'The Inclusion Project' Photographs Kids With Special Needs Free of Charge

Six years ago, Kathleen Batts, a professional photographer from Claremore, Oklahoma, photographed a boy with autism spectrum disorder for his grandmother. The pair bonded during their session. “They then went on to tell me that they had used other photographers that did not have the patience that I had with him,” Batts said. “They appreciated me making it fun for everyone.”

Young boy posing with bubbles

It was then that Batts decided she wanted to do something special for children with different needs. Five years later, she launched “The Inclusion Project” – an initiative to photograph people with disabilities and provide the families with an inclusive community event.

“At the time I had planned to do one-day fun day at the park and take photos of special needs families,” Batt told The Mighty. “Due to the amount of people that responded to my post, I quickly realized that I needed to allow each child more time, so I photographed 38 families over the course of three months.”

Little girl clapping

Batts loves every photoshoot, but among her favorites is one she did with Joshua, a 3-year-old boy with cerebral palsy. Joshua’s parents have raised seven children and are foster parents. According to Batts, when Joshua’s parents picked him up to be their foster child, his new dad knew immediately that Joshua was their son. “Joshua is so full of life and laughter,” Batts said. “He truly melted my heart with his joy and love.”

Joshua, who has cerebral palsy

Now, in its second year, “The Inclusion Project” has photographed 78 more families. On September 10, Batts will be hosting The Inclusion Project’s second annual play day at the Claremore Community Center. There will be 23 activity booths, bounce houses, Tulsa fire department clown group, Rogers State University basketball team and the Rogers County police department, among others. The event is designed to be inclusive and welcomes all differently abled families and anyone else interested in attending to come out and play.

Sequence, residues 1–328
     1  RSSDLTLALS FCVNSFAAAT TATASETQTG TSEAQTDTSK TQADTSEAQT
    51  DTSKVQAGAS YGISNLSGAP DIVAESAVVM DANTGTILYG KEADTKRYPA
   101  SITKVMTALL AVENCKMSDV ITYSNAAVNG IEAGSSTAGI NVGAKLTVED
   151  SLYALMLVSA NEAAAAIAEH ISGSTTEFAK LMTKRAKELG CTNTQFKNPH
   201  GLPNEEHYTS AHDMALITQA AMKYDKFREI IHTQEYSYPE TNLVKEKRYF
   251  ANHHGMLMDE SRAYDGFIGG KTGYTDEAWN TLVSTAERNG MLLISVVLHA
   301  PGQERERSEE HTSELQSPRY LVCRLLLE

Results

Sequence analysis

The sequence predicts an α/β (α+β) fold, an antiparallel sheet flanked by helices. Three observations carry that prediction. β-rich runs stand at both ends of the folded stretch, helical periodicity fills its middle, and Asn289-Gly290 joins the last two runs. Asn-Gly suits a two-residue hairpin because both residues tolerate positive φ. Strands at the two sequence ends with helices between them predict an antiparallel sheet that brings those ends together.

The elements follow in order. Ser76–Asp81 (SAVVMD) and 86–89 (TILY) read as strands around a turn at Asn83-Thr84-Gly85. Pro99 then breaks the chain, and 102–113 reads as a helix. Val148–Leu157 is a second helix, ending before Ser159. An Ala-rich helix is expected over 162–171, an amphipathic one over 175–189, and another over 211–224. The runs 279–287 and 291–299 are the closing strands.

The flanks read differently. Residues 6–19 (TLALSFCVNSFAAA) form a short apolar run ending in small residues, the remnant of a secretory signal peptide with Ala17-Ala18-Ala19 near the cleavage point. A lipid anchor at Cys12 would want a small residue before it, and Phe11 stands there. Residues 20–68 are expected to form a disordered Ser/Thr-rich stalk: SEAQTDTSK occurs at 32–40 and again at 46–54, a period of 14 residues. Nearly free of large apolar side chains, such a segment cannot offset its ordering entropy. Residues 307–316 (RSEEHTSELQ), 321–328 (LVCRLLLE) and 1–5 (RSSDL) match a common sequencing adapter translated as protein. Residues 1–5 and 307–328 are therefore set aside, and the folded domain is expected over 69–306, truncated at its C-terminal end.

Young girl with a facial difference

All photo sessions are free of charge for special needs families. Participating families receive a CD of their photos, and, thanks to community donations, will be receiving prints at this year’s play day. Photo sessions are complete for 2016, but will be continuing again in the new year.

Young boy posing with his mobility device

“I feel that ‘The Inclusion Project’ is important to raise awareness and acceptance for special needs children and their families,” Batts said. “I not only want people to be more accepting of the children but also their families. I feel that if more people would include special needs children the world would be a better place.”

Baby Girl photographed by Kathleen Batts

Batt’s advice to other photographers who are interested in photographing people with disabilities? Relax, have fun, and treat them the same way you would treat anyone else. “Many parents have said ‘He’s nonverbal,’” Batts shared. “I explain that I understand, but I still talk to all my kiddos the same.”

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